The government plans to declare Egypt slum-free by the end of this year. There are 357 areas identified as slums. They cover one per cent of Egypt’s inhabited land and are home to a little over a million people, according to Khaled Seddik, executive manager of the Informal Settlements Development Fund (ISDF).
Following a presidential directive four years ago, the ISDF began conducting separate demographic and economic studies on each of these areas to determine the number of residents, and their age and economic profiles, said Seddik.
The studies revealed the number of families in urgent need of safe housing, leading to 241,000 residential units being built in large new complexes which include Asmarat I, II, and III, Maan (Together), Ahaleena (Our Families), Tahya Misr (Long Live Egypt City), Amal (Hope), as well as in smaller compounds.
Slum areas are classified into four categories according to the level of danger they pose to inhabitants. The life-threatening category included the Dweika area, where residents live on the edge of Muqattam mountain, and settlements built in the path of floods. Unfit settlements included houses built from construction debris which lack utilities and do not afford privacy to their inhabitants. Areas designated as posing a health risk included Haggana, where people lived under high-pressure electric cables, and the Tebbin district which is heavily polluted owing to the proximity of cement factories. The fourth category, unsafe possession, includes dwellings built on state-owned lands.
Egypt has spent LE32 billion in the past four years to provide alternative accommodation for shanty dwellers, said Seddik.
“Some 60,000 families live in shanty areas in Cairo, though not all of them had to be relocated. In Tebbin, for example, the problem of pollution was addressed by connecting factories with drainage networks and putting in place a system for managing solid and chemical waste and air pollutants.”
The government spent LE700 million on the High Dam district in Cairo’s Nasr City, replacing high-pressure aerial electric cables with subterranean ones. Even so, said Seddik, the area requires the relocation of 43,000 families to new housing units. Recent studies have established a link between living close to high voltage cables and certain kinds of cancers.
In line with United Nations recommendations, slum dwellers are relocated within the borders of their cities and where residents have had to relocate some distance from their places of work the government “ensured as much as possible that transportation means were provided,” said Seddik.
In Asmarat four factories were opened to provide jobs, many for women within the framework of Egypt’s ongoing plans to empower women economically and socially. The government also allocated ID numbers and birth certificates to shanty dwellers who lacked official papers with a formal address so they could acquire ration cards and enrol in social protection programmes such as Karama and Takaful.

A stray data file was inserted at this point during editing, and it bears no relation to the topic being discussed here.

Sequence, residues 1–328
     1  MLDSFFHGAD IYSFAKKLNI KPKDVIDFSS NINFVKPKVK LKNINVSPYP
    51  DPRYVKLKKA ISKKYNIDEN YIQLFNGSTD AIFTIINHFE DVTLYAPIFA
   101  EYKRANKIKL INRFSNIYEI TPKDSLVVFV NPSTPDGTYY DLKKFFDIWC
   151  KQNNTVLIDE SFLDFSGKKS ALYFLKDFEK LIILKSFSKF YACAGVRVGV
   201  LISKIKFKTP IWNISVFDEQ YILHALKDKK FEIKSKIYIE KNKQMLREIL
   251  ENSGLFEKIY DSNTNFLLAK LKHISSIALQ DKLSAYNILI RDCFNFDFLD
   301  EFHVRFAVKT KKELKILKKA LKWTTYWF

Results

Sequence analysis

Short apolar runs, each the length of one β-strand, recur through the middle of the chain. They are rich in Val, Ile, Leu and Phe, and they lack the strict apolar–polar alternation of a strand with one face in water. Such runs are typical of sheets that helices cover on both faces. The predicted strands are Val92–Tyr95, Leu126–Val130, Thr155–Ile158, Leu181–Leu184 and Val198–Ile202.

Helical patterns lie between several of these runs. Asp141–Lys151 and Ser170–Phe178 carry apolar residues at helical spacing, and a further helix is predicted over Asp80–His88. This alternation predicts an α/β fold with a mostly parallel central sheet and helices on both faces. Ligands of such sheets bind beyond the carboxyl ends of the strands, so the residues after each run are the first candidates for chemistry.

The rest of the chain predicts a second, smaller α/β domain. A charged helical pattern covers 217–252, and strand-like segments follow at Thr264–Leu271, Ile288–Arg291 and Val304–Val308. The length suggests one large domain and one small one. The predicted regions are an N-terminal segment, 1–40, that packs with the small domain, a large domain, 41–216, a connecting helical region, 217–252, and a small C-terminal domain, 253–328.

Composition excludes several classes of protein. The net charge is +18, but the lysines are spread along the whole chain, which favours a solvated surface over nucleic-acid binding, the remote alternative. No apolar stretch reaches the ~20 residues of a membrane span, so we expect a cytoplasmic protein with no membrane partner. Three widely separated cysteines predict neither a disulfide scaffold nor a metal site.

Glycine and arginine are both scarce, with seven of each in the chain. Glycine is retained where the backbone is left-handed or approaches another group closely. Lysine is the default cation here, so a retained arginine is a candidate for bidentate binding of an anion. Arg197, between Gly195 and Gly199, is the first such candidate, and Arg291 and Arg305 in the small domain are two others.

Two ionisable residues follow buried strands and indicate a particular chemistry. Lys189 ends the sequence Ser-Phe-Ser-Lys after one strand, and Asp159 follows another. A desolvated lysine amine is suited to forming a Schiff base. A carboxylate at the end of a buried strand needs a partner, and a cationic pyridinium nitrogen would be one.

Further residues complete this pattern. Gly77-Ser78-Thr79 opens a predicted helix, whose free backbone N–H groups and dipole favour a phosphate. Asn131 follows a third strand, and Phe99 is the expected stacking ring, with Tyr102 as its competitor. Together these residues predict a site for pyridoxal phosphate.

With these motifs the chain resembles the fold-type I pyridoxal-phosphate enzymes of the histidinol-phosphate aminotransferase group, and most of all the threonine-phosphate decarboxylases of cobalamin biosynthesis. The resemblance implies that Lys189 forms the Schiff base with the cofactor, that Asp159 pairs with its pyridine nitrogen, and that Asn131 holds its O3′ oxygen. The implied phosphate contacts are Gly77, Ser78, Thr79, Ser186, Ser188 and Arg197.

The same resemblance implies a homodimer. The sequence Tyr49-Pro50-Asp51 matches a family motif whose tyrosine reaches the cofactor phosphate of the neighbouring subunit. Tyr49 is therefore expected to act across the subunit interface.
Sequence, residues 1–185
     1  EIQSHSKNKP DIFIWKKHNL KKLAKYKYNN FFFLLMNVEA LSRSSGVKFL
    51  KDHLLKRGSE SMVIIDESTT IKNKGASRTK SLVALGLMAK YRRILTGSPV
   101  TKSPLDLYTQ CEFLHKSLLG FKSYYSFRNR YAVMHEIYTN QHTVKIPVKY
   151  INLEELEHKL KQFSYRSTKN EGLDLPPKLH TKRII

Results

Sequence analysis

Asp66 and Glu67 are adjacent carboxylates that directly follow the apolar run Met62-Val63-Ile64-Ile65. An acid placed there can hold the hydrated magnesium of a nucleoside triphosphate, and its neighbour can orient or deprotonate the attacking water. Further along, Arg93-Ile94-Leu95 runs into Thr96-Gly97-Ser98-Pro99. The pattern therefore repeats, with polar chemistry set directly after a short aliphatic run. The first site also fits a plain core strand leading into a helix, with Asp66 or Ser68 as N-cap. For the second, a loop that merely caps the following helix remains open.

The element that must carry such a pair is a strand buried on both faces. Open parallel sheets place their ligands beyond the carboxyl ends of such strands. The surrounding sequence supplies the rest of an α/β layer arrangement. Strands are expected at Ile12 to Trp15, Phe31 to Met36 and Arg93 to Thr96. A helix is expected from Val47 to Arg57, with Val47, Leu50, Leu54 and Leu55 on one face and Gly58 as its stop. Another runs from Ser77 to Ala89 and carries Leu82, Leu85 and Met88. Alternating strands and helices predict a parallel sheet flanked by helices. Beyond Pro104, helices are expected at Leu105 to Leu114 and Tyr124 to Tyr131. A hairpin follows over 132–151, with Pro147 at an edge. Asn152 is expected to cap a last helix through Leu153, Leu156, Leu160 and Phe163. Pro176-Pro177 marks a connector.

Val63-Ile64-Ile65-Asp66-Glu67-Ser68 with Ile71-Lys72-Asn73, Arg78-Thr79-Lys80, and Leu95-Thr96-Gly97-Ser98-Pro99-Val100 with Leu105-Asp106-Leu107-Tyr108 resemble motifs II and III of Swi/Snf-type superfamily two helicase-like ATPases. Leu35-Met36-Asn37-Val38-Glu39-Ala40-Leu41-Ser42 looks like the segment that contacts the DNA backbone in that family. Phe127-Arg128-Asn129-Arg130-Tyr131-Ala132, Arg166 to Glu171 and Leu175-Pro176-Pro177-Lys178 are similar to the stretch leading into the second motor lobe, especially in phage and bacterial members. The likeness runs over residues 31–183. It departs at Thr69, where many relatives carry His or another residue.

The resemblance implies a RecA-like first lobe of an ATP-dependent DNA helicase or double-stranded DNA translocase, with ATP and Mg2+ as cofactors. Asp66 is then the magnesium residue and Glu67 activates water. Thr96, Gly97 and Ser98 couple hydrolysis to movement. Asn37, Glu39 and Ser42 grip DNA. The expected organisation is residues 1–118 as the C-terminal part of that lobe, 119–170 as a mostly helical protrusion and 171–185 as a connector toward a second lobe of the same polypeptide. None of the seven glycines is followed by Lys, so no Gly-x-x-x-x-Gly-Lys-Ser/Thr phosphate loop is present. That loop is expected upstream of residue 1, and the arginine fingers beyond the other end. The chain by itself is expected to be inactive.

In Sinai many dwellings had been constructed on flood pathways. The government built new houses, the design of which takes into account the different social and cultural habits of the peninsula’s residents. Similarly, in areas where fishermen live on the coast or the Nile, the government built houses metres away from their previous residences and set up small ports and storage depots for fishing equipment.
Eradicating slums does not end at relocation, it must also include programmes to economically empower the inhabitants. Studies were conducted to determine how slum dwellers, including the elderly and people with special needs, might best benefit from social protection programmes like soft loans for female breadwinners, and the provision of schools, sports facilities, youth centres and healthcare units nearby. Programmes were introduced to enhance residents’ social networking and entrepreneurship skills, and to offer vocational training.
Mohamed Abu Samra, a former expert with UN-Habitat, lauded the government’s efforts to improve the lives of people living in informal settlements through economic empowerment and access to the state’s social protection network. He believes, however, that in its endeavours to eliminate slums the government hasn’t paid sufficient attention to the cultural and social dimensions of the residents’ lives.
“In poor areas the world over there is social capital, the bond and solidarity developed over time between families living in one neighbourhood, whether they are related or not. Egypt’s plans to eliminate shantytowns never really embraced the need to relocate communities together,” he said.
Abu Samra also cites the example of the Max district in Alexandria where “the fishermen’s houses could have been restored”. Abu Samra concedes that building new houses for them was cost efficient, but argues restoring the existing dwellings would have preserved the mood of the area.
“While there is no denying the efforts the government has exerted to deal with the economic side of the slum equation, and its attempts to ensure people are relocated as close to their former areas of residence as possible, a better balance could perhaps have been struck between the economic dimension on one hand, and the social and cultural on the other,” concluded Abu Samra.
*A version of this article appears in print in the 1 July, 2021 edition of Al-Ahram Weekly